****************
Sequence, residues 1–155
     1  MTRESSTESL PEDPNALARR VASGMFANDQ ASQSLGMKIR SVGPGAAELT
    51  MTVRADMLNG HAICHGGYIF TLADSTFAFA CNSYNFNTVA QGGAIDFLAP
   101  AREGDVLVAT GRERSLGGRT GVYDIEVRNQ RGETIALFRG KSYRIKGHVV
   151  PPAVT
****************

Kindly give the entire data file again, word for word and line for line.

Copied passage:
Sequence, residues 1–155
     1  MTRESSTESL PEDPNALARR VASGMFANDQ ASQSLGMKIR SVGPGAAELT
    51  MTVRADMLNG HAICHGGYIF TLADSTFAFA CNSYNFNTVA QGGAIDFLAP
   101  AREGDVLVAT GRERSLGGRT GVYDIEVRNQ RGETIALFRG KSYRIKGHVV
   151  PPAVT